There are several studies to support this, but one of my favorites is the foot in the door phenomenon, which came from a study about human behaviour and consistency. It proves that if you can get people to say “yes” to a small request, they’re more likely to say “yes” to a larger request. In this case, if you can get them to read the first sentences, they’re far more likely to read the rest of the post.

Your initial request of reading the first few sentences, however, is only a “smaller” request if you don’t throw a Great Wall of Text at them. So that’s why should start with a short, punchy, attention-grabbing first sentence. This is called the lede. In formal writing, a lede is the first paragraph that covers what the article is about and the main points of the story. But you’re not writing a news story or an editorial, so in your case the lede serves one purpose: grab reader’s attention in a relevant way to draw their eyes down the page. Brian Dean from Backlinko cuts straight to the chase in this awesome lede:

how to write an introduction

The lede in this article is “Imagine this.”

Aim for a 1-sentence lede that hooks your reader in. Then…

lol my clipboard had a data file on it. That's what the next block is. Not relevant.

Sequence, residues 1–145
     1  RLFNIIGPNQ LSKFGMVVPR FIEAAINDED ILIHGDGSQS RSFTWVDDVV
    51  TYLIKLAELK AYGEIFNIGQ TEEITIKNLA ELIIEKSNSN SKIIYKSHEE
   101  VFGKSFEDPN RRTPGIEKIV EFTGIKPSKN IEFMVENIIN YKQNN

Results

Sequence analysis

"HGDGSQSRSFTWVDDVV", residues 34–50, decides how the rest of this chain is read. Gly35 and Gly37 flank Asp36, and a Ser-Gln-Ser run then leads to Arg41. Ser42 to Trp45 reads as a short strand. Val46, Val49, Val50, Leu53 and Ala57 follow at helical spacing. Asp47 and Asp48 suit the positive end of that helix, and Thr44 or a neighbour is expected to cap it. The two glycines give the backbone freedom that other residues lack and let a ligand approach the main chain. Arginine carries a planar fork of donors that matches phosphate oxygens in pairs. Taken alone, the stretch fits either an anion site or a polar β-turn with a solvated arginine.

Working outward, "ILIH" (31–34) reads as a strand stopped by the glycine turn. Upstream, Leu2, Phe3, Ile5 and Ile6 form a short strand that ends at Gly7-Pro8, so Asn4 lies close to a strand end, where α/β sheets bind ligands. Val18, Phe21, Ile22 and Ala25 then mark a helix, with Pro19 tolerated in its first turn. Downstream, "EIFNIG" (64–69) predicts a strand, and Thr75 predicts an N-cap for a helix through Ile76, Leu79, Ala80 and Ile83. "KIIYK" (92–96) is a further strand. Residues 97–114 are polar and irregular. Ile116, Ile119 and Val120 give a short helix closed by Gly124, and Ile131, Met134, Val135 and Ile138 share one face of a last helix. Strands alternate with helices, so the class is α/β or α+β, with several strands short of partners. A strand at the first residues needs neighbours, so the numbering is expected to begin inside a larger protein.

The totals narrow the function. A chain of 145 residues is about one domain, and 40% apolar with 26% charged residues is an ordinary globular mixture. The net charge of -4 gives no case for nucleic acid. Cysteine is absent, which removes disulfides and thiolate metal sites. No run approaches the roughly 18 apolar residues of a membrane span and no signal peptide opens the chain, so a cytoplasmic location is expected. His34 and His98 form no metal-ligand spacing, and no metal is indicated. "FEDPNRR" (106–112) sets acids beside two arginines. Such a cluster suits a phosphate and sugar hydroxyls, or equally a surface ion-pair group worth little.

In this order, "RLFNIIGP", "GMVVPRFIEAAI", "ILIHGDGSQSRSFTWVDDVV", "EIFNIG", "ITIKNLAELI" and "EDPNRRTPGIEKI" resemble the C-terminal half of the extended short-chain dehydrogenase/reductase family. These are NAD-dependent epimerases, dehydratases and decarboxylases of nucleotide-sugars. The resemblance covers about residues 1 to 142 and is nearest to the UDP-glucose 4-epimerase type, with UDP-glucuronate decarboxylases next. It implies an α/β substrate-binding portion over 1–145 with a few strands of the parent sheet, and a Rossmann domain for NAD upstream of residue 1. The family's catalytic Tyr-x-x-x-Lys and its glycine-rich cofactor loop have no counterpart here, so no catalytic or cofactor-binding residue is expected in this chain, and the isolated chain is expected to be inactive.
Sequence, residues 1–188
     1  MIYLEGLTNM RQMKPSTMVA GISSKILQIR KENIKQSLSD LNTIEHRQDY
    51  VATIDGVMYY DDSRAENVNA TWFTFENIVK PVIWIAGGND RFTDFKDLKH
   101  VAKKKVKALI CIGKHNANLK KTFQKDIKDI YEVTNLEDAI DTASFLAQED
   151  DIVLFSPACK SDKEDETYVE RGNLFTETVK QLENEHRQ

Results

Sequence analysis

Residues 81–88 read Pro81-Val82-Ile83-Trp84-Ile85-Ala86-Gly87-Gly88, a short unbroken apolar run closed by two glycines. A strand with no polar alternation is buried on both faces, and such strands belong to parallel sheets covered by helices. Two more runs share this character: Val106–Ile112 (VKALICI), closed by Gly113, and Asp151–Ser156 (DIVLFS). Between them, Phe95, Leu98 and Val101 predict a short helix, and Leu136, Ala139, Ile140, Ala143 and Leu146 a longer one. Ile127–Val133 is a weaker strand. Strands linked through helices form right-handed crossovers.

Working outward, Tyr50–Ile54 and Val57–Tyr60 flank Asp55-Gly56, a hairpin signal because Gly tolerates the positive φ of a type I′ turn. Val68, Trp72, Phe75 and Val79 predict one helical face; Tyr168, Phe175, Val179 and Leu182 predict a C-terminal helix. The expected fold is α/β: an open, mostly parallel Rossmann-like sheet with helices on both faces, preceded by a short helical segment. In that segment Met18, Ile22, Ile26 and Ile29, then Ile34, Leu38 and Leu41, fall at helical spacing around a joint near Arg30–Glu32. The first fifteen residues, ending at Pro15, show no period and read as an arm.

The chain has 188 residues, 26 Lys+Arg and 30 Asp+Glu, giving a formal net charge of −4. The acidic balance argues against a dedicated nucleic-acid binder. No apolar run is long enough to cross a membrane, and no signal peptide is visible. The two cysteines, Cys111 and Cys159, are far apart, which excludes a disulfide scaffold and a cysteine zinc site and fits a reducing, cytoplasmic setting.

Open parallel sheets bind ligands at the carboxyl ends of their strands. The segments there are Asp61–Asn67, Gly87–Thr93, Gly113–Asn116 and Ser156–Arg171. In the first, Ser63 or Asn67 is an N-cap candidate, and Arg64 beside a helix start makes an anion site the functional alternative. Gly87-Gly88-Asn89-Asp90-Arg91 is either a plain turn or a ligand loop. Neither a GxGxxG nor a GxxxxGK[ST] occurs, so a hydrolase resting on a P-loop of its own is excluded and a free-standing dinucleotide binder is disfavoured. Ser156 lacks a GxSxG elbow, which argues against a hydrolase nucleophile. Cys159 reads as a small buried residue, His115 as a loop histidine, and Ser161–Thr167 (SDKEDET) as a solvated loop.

Shorten Your Line Lengths to Keep Readers Engaged

Remember how I said short line lengths increase the read rate of your article? That’s why you need to start with a punchy lede to capture attention, followed by short, attention-keeping paragraphs to strengthen your opening point or tell more of the story. But that doesn’t always do the entire job.

Derek Halpern from Social Triggers shows the perfect content width is 40-55 characters per line. That’s short. So how can you make the content width fit the bill without hacking your paragraphs to oblivion? You can create the illusion of shorter paragraph lengths to draw your reader’s eyes down the page with images. Smart Blogger does this with a left-aligned image at the top of the post:

article introduction example

The preference is to have an image that actually supports the post and adds value to it. Screenshots in marketing, before/after pictures in fitness, diagrams in science… all of these images do this. Some pro bloggers give the top image a free pass. Like my example above, they use images of human faces (which are especially compelling for us), especially if they use directional cues, or “lines of sight”. See how the man’s arm seems to point toward the intro? That’s a “line of sight” that draws the eye to the text. If you can make your image useful, great. If not, you may want to try using a generic image with directional cues and (or!) human faces.

After you’ve started with a short lede and a few narrow paragraphs at the top of the page, it’s time to sell your reader on finishing the article. You can do this with the copywriting formula commonly referred to as problem-aggravate-solution. You can start to cycle through this formula by “reading your audience’s minds”: echoing the problem they’ll come up against with the topic you’re writing about.

Then, you’ll aggravate that problem. This is where I like to add: